European Flooding: 110 Dead In German, 14 In Belgium and 1300 People Remain Unaccounted For

GERMANY (July 16, 2021)—flooding continues in Germany and Belgium. At least

  • 103 people in Germany have been reported dead across western Germany and 14 in Belgium.
  • Many people still missing. Rescue workers assess the damage in Bad Neuenahr as 1,300 people remain unaccounted for, possibly due to mobile networks being down. More than 1,000 emergency service employees have been deployed in the region, including the fire brigade, police and armed forces.
  • 55 people were rescued after houses collapsed south of Cologne.

Defense Ministry spokesman Arne Collatz said the German military had deployed some 850 troops in affected areas, but the number is “rising significantly because the need is growing.”

He added that the ministry had triggered a “military disaster alarm,” a technical move that essentially decentralizes decisions on using equipment to commanders on the ground. That means that military personnel were authorized to decide — on their own — how to assist in local clean-up and rescue efforts. 

More than 200 soldiers were already deployed in nine districts and cities in Rhineland-Palatinate, although the numbers were higher as not all vehicle crews were counted.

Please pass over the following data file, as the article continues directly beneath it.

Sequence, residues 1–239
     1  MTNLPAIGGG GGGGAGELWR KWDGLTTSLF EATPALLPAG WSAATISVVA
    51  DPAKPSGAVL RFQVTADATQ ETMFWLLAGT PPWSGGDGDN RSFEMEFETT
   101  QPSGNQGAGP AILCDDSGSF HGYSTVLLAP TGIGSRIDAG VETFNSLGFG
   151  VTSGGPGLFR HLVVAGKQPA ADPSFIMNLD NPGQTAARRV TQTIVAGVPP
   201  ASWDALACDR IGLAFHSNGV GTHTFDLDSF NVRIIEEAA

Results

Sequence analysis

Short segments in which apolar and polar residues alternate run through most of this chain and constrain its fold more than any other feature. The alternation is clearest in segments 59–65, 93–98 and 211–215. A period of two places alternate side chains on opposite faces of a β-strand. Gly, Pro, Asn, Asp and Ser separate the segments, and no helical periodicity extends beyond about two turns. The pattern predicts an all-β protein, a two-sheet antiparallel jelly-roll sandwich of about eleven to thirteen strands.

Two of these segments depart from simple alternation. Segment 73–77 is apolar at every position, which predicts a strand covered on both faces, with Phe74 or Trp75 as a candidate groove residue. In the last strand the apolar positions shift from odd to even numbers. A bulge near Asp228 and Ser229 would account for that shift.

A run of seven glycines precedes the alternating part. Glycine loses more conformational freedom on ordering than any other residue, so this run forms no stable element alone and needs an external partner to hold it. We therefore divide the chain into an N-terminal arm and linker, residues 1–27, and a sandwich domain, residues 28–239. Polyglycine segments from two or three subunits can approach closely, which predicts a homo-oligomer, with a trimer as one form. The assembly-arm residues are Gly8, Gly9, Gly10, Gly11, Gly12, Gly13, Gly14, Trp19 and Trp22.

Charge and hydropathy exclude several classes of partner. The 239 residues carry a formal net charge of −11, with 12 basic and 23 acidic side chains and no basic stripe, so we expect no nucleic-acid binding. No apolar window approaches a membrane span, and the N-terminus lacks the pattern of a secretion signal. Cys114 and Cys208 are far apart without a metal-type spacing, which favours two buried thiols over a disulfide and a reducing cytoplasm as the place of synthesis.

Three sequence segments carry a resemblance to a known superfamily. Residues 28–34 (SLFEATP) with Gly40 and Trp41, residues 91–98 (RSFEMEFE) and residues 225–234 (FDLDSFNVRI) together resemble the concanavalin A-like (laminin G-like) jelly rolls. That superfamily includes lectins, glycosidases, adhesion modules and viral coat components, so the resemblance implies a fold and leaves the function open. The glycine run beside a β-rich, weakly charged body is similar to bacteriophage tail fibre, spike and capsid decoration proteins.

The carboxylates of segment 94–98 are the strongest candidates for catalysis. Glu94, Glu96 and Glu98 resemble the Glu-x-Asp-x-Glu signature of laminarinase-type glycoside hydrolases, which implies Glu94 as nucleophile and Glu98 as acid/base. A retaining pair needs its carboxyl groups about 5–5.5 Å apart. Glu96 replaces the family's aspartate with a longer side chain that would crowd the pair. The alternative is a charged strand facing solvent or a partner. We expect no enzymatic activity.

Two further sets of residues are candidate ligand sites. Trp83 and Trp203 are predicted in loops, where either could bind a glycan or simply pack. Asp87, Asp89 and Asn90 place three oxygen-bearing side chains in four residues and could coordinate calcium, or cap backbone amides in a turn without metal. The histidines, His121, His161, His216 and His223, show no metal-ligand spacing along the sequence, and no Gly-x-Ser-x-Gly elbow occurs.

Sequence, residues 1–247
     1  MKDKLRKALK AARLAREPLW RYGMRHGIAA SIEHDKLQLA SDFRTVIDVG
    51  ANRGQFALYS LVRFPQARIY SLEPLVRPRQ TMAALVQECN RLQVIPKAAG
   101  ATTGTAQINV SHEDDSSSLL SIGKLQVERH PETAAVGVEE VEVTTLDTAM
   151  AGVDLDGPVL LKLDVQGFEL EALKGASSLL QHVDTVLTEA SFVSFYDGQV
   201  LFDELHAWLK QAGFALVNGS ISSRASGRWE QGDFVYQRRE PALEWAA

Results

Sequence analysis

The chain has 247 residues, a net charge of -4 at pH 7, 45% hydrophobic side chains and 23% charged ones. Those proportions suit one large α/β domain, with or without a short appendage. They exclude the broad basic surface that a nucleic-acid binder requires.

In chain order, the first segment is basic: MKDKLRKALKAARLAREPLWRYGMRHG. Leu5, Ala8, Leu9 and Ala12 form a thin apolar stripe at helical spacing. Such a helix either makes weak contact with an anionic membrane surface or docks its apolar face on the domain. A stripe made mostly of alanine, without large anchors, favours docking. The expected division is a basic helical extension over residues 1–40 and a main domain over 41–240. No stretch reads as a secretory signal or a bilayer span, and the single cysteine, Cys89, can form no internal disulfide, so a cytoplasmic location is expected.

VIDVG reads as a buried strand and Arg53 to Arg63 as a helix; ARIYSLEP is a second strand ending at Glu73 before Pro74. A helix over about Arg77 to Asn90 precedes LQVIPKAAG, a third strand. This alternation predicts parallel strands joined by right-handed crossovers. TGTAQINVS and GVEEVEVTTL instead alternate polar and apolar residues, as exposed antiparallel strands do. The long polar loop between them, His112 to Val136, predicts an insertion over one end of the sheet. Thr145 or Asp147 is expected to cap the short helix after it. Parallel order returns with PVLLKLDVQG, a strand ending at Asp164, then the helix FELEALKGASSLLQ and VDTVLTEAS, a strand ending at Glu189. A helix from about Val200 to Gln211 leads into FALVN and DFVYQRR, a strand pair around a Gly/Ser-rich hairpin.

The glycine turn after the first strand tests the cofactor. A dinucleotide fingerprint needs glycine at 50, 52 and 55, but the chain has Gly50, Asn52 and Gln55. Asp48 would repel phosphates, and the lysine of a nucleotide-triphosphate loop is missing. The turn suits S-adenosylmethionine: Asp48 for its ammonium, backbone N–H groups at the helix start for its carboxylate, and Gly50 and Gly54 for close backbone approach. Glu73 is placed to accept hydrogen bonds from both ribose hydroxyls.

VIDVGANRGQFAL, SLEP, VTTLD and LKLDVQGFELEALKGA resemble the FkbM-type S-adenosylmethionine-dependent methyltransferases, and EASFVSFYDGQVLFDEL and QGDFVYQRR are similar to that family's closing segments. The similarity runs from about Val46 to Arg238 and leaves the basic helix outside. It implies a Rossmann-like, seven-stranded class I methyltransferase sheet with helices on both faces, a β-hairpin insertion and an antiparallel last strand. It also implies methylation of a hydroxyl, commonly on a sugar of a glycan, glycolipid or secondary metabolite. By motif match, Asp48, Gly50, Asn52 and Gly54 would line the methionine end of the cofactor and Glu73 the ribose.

‘Dramatic and enormous’ damage

Rhineland-Palatinate state premier said there was bad news every hour. 

“We have not yet reached the stage where we can say that the situation is easing,” Dreyer said. “In the meantime, the assessment of all of us is that the damage is so dramatic and enormous that we will have to deal with this issue for a long time to come,” she added. 

North Rhine-Westphalia’s state premier described the situation as a “catastrophe of historic proportions.”

“The floods have literally pulled the rug out from under [people’s] feet,” Laschet said. 

Officials in both states fear that the number of victims will continue to rise as the situation remains to difficult to assess

German President Frank-Walter Steinmeier said climate action was needed to prevent such catastrophes in the future. 

“Only if we take up the fight against climate change decisively, we will be able to prevent extreme weather conditions such as those we are experiencing,” Steinmeier said.

Steinmeier’s remarks echoed German politicians, including the ministers of interior and environment, who have called for more action to fight climate change. 

The president also announced that he would travel to the areas of western Germany that were devastated by the floods. 

“It is a tragedy that so many people have lost their lives,” he said during an address at the Bellevue Palace in Berlin. “My thoughts are with them; their fate strikes me to the heart.”